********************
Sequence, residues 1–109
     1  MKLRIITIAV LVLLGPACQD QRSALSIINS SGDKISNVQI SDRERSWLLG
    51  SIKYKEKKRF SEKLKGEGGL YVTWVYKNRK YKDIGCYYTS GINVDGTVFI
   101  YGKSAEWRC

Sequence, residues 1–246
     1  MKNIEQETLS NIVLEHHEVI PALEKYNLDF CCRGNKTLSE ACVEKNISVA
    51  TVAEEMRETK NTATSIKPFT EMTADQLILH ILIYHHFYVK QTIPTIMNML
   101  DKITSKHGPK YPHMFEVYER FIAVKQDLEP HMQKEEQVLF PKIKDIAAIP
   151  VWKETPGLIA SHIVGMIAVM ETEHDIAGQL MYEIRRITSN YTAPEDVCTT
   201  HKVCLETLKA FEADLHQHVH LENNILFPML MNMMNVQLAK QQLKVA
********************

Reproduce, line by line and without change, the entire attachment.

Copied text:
Sequence, residues 1–109
     1  MKLRIITIAV LVLLGPACQD QRSALSIINS SGDKISNVQI SDRERSWLLG
    51  SIKYKEKKRF SEKLKGEGGL YVTWVYKNRK YKDIGCYYTS GINVDGTVFI
   101  YGKSAEWRC

Sequence, residues 1–246
     1  MKNIEQETLS NIVLEHHEVI PALEKYNLDF CCRGNKTLSE ACVEKNISVA
    51  TVAEEMRETK NTATSIKPFT EMTADQLILH ILIYHHFYVK QTIPTIMNML
   101  DKITSKHGPK YPHMFEVYER FIAVKQDLEP HMQKEEQVLF PKIKDIAAIP
   151  VWKETPGLIA SHIVGMIAVM ETEHDIAGQL MYEIRRITSN YTAPEDVCTT
   201  HKVCLETLKA FEADLHQHVH LENNILFPML MNMMNVQLAK QQLKVA